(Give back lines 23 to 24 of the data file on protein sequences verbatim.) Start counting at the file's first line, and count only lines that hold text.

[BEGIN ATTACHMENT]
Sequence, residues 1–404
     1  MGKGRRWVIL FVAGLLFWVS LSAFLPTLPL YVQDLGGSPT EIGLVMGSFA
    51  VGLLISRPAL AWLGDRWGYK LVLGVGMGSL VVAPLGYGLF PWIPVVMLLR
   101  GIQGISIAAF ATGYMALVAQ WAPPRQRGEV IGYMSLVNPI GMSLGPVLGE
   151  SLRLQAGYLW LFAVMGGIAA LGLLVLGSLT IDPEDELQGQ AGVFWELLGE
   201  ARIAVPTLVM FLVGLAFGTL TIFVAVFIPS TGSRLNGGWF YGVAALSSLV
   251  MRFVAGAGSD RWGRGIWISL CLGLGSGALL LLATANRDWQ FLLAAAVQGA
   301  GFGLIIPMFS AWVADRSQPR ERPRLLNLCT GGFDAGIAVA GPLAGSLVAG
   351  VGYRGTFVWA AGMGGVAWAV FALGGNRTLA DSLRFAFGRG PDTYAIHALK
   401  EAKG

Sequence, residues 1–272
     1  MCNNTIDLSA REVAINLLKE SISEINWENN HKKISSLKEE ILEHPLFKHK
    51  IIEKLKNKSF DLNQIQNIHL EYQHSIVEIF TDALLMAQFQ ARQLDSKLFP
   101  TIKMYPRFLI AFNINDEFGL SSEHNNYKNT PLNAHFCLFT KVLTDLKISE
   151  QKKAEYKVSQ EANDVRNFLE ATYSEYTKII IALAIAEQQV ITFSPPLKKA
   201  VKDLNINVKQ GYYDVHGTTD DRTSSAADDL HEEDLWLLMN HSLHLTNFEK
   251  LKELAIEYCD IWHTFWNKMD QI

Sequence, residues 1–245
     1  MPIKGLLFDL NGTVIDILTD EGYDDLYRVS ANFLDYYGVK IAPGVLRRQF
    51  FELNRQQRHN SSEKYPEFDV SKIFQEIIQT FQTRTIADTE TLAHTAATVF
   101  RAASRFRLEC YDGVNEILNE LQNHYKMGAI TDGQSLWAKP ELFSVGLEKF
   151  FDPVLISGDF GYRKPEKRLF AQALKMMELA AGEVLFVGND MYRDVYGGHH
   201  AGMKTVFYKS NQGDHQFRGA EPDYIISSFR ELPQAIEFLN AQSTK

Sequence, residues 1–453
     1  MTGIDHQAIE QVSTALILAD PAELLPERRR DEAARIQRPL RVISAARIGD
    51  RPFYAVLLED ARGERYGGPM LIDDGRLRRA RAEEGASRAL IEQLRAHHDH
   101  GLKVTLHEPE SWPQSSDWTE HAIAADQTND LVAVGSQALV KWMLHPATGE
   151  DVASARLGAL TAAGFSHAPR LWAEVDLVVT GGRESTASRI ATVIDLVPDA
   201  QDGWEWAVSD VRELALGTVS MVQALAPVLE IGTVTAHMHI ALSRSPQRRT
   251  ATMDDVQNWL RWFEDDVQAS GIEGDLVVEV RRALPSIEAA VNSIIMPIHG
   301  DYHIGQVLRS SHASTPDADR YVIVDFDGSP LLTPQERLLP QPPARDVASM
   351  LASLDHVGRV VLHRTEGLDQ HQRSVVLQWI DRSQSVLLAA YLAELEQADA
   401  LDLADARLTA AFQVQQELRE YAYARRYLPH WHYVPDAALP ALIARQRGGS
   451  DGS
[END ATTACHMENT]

   201  AGMKTVFYKS NQGDHQFRGA EPDYIISSFR ELPQAIEFLN AQSTK

Sequence, residues 1–453